Brexit and climate change
LONDON: Britain’s exit from the European Union may erode the bloc’s leadership role in fighting climate change and stymie crucial efforts to set more ambitious targets for cutting greenhouse gases, officials and experts said June 28.
The damage will become worse the longer the divorce proceedings drag on, or if Brexit inspires other EU nations to follow suit, they said.
European leaders meeting in Brussels pressured British Prime Minister David Cameron on June 28 to launch the two-year withdrawal process “as soon as possible”, but the embattled premier has vowed he will leave that task to a successor to be named on September 9.
When it comes to EU climate policy, “there is going to be quite a bit of uncertainty, transition and volatility for at least two years,” the UN’s outgoing climate chief, Christiana Figueres, told delegates to Climate and Business Summit 2016 in London on June 28.
Britain’s own emissions reduction commitments — set in national law — are not likely to budge, even if global warming is unlikely to figure at the top of a new Conservative government’s agenda. On the other side of the Channel, however, the impact could be significant, especially if other countries follow the UK’s example.
At a minimum it will create an accounting and administrative quagmire for governments because the formerly 28-nation bloc’s climate change commitments — inscribed in the landmark 2015 Paris Agreement — will need to be recalculated for the remaining 27 members.
“The EU would have to look at some recalibration of the effort on burden sharing,” said Figueres, referring to the internal negotiations on how European states divvy up the carbon reduction targets of the bloc as
New terms must likewise be negotiated for Britain — which imports nearly half its energy needs — for access to the European energy market.
Brexit will also be a major headache for businesses keyed into climate- and energy-related sectors.
Into the danger zone
“Within the business community, the amount of management time that will be unnecessarily spent on this issue will distract from the very critical decisions we need to make,” said Peter Sweatman, CEO of Climate Strategy, an international consulting firm based in Spain.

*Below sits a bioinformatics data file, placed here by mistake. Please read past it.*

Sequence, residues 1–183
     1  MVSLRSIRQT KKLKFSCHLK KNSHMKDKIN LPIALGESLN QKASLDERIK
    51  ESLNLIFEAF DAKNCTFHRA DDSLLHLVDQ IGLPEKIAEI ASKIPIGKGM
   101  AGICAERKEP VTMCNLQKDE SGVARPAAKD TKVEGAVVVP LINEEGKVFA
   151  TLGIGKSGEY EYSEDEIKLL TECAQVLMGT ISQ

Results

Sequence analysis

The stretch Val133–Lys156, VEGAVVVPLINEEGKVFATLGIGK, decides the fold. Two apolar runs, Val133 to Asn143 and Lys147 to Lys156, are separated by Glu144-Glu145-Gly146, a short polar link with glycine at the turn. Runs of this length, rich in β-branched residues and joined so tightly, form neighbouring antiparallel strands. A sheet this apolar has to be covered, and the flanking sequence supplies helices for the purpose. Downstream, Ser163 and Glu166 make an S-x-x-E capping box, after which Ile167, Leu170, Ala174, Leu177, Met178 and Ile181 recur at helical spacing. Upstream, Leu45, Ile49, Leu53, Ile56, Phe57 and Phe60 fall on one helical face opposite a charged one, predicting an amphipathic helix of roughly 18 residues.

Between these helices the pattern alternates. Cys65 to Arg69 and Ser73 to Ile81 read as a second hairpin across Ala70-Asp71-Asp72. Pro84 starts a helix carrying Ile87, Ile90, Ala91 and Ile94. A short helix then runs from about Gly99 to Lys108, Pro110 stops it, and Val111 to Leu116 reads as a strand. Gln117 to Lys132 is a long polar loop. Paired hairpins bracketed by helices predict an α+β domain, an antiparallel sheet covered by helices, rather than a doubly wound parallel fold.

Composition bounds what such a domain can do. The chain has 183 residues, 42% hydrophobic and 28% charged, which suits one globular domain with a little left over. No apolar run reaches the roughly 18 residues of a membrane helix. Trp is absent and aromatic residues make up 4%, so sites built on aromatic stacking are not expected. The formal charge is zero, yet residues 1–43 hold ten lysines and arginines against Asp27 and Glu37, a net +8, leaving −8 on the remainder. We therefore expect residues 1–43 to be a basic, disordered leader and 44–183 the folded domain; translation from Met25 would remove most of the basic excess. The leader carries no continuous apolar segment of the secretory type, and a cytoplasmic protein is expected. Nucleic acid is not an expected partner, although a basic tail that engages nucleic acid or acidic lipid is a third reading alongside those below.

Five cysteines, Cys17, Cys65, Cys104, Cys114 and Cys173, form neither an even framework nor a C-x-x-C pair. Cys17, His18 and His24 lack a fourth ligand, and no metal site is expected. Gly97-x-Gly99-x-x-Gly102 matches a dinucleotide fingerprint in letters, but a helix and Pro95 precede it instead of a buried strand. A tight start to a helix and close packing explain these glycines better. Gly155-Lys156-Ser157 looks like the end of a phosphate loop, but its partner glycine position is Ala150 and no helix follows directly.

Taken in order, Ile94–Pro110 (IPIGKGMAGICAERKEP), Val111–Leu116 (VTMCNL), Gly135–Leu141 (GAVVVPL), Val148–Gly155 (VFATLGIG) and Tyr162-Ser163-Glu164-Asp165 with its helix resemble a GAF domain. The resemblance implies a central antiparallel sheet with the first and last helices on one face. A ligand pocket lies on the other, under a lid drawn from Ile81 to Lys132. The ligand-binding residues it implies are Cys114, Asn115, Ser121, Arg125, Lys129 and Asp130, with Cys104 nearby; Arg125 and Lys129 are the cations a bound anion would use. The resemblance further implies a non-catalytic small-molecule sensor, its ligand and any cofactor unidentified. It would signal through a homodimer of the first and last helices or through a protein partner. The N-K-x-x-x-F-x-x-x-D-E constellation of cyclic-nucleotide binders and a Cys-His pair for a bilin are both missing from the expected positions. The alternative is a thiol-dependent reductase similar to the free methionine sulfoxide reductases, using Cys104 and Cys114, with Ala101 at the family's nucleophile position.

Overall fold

In a highly competitive international environment, “we don’t have the luxury of focusing on non-productive things,” he said on the margins of the two-day London conference.
Some analysts worry that Britain’s exit will cripple the EU’s ability to increase its carbon-cutting goals — something scientists say all major emitters must do if Earth is to avoid calamitous climate change impacts.
“The role of Europe as a key political driver in setting ambition will be lowered,” said Nick Mabey, chief executive of E3G, a London-based environmental think tank.
“That will lower the overall global drive,” he told AFP.
“Pretty soon you find everyone veering off course for two degrees, and that’s when you get into dangerous zones of climate change.”
The Paris pact — headed for ratification later this year or in early 2017 — calls for capping global warming at well below
two degrees Celsius (3.6 degrees Fahrenheit), and 1.5 C (2.7 F) if possible.
But voluntary national pledges from some 190 nations to cut carbon pollution would still see Earth’s surface heat up by 3 C (5.4 F), compared to a pre-industrial era benchmark.
How to close that “emissions gap” is arguably the most urgent question on the international climate agenda.
Historically, Europe — led in part by Britain — was a leader in the fight against global warming, often acting as mediator between other nations bickering over how to share out responsibility.
For European advocates of aggressive climate action, the nightmare scenario is further unravelling of the EU.
Far-right parties rising in the polls in the Netherlands and France, for example, have already called for Brexit-style referendums.
“If Europe really started to disintegrate, it would be hard to maintain any of its continent-wide policies, car standards, clean energy, the energy market,” Mabey said.